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Dialogue vs. Drama

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Dialoguenoun

A conversation or other form of discourse between two or more individuals.

‘Bill and Melinda maintained a dialogue via email over the course of their long-distance relationship.’;

Dramanoun

A composition, normally in prose, telling a story and intended to be represented by actors impersonating the characters and speaking the dialogue

Dialoguenoun

(authorship) In a dramatic or literary presentation, the verbal parts of the script or text; the verbalizations of the actors or characters.

‘The movie had great special effects, but the dialogue was lackluster.’;

Dramanoun

Such a work for television, radio or the cinema (usually one that is not a comedy)

Dialoguenoun

(philosophy) A literary form, where the presentation resembles a conversation.

‘A literary historian, she specialized in the dialogues of ancient Greek philosophers.’;

Dramanoun

Theatrical plays in general

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Dialoguenoun

(computing) A dialogue box.

‘Once the My Computer dialogue opens, select Local Disk (C:), then right click and scroll down.’;

Dramanoun

A situation in real life that has the characteristics of such a theatrical play

Dialogueverb

To discuss or negotiate so that all parties can reach an understanding.

‘Pearson wanted to dialogue with his overseas counterparts about the new reporting requirements.’;

Dramanoun

(slang) Rumor, lying or exaggerated reaction to life events; melodrama; an angry dispute or scene; intrigue or spiteful interpersonal maneuvering.

Dialogueverb

(obsolete) To take part in a dialogue; to dialogize.

Dramanoun

A composition, in prose or poetry, accommodated to action, and intended to exhibit a picture of human life, or to depict a series of grave or humorous actions of more than ordinary interest, tending toward some striking result. It is commonly designed to be spoken and represented by actors on the stage.

‘A divine pastoral drama in the Song of Solomon.’;

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Dialoguenoun

A conversation between two or more persons; particularly, a formal conservation in theatrical performances or in scholastic exercises.

Dramanoun

A series of real events invested with a dramatic unity and interest.

‘Westward the course of empire takes its way;The four first acts already past,A fifth shall close the drama with the day;Time's noblest offspring is the last.’; ‘The drama and contrivances of God's providence.’;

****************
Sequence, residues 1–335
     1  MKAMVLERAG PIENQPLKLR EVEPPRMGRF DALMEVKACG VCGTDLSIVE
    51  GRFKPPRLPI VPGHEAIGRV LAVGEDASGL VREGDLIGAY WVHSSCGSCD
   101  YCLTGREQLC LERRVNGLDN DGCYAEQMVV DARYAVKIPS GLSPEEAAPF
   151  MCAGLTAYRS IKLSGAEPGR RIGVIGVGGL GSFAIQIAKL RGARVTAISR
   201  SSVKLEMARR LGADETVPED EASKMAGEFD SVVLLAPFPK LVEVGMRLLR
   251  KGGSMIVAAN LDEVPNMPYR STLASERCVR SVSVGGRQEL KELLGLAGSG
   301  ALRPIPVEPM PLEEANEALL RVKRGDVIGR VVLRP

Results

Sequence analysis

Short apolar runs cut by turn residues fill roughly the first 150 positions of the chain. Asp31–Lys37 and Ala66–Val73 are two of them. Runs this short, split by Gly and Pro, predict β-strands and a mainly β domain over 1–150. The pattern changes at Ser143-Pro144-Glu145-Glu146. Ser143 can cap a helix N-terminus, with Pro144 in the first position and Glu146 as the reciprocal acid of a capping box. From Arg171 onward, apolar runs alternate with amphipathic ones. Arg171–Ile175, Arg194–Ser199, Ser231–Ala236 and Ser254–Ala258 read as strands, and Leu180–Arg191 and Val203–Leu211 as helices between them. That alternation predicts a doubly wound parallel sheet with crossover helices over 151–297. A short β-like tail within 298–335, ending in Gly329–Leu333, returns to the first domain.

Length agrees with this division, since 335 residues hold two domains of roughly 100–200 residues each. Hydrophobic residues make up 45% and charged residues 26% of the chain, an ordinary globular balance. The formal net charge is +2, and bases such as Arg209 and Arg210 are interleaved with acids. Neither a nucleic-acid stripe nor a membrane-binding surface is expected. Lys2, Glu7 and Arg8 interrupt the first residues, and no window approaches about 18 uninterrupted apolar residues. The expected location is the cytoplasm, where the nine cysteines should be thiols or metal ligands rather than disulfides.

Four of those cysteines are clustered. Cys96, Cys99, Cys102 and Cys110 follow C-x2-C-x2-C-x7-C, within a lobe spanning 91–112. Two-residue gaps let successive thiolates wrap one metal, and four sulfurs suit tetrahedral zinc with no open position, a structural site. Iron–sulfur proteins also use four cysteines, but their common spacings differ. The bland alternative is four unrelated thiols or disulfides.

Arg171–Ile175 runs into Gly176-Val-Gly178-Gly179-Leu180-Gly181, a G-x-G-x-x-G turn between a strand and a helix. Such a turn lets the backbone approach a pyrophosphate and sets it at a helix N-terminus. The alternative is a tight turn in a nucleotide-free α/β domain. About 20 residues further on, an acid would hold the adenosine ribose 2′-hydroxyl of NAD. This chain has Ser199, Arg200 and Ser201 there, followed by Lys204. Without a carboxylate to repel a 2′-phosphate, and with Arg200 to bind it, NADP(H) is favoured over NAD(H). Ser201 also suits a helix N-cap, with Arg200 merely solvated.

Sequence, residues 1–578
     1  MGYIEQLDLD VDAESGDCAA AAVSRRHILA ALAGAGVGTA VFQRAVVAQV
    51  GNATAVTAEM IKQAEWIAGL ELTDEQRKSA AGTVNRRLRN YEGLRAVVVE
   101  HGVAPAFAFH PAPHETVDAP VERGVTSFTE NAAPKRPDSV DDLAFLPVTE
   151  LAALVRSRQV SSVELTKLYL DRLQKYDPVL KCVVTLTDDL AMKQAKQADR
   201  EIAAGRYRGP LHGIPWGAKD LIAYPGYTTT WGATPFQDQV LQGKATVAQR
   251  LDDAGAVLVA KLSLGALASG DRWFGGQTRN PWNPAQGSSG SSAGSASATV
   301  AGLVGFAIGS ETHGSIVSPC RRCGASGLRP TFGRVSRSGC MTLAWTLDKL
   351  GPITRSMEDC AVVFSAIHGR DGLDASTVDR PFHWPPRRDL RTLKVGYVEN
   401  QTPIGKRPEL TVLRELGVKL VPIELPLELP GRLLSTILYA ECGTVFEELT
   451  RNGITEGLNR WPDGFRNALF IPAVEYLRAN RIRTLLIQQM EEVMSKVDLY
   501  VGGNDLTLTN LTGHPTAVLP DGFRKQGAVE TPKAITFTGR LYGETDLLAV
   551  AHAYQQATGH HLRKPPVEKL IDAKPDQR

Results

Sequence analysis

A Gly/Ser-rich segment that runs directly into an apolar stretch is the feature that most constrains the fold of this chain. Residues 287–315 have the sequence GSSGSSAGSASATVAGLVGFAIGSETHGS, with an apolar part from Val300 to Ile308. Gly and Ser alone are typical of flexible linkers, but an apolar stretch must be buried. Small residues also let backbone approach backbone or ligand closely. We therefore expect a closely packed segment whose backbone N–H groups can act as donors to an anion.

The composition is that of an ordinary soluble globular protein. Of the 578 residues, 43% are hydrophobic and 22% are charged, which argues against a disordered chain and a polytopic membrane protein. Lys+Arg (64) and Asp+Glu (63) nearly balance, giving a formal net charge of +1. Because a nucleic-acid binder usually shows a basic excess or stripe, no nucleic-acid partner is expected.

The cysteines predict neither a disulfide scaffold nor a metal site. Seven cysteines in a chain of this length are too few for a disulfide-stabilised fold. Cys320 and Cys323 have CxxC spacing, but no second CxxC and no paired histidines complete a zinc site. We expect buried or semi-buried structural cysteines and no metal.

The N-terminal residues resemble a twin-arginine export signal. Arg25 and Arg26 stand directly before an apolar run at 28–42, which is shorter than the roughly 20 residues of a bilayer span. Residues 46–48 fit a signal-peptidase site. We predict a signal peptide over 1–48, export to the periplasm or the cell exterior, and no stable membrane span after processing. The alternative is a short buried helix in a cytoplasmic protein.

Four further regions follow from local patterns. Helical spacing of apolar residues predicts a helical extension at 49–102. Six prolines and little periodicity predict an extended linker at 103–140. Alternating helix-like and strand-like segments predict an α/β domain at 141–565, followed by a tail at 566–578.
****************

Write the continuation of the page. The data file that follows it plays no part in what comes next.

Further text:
Dialoguenoun

A written composition in which two or more persons are represented as conversing or reasoning on some topic; as, the Dialogues of Plato.

Dramanoun

Dramatic composition and the literature pertaining to or illustrating it; dramatic literature.

Dialogueverb

To take part in a dialogue; to dialogize.

Dramanoun

a dramatic work intended for performance by actors on a stage;

‘he wrote several plays but only one was produced on Broadway’;

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Dialogueverb

To express as in dialogue.

‘And dialogued for him what he would say.’;

Dramanoun

an episode that is turbulent or highly emotional

Dialoguenoun

a conversation between two persons

Dramanoun

the literary genre of works intended for the theater

Dialoguenoun

the lines spoken by characters in drama or fiction

Dramanoun

the quality of being arresting or highly emotional

Dialoguenoun

a literary composition in the form of a conversation between two people;

‘he has read Plato's Dialogues in the original Greek’;

Dramanoun

a play for theatre, radio, or television

‘a gritty urban drama about growing up in Harlem’;

Dialoguenoun

a discussion intended to produce an agreement;

‘the buyout negotiation lasted several days’; ‘they disagreed but kept an open dialogue’; ‘talks between Israelis and Palestinians’;

Dramanoun

plays as a genre or style of literature

‘Renaissance drama’;

Dialogue

Dialogue (sometimes spelled dialog in American English) is a written or spoken conversational exchange between two or more people, and a literary and theatrical form that depicts such an exchange. As a philosophical or didactic device, it is chiefly associated in the West with the Socratic dialogue as developed by Plato, but antecedents are also found in other traditions including Indian literature.

Dramanoun

the activity of acting

‘drama school’; ‘teachers who use drama are working in partnership with pupils’;

Dramanoun

an exciting, emotional, or unexpected event or circumstance

‘a hostage drama’; ‘an afternoon of high drama at Wembley’;

Drama

Drama is the specific mode of fiction represented in performance: a play, opera, mime, ballet, etc., performed in a theatre, or on radio or television. Considered as a genre of poetry in general, the dramatic mode has been contrasted with the epic and the lyrical modes ever since Aristotle's Poetics (c.

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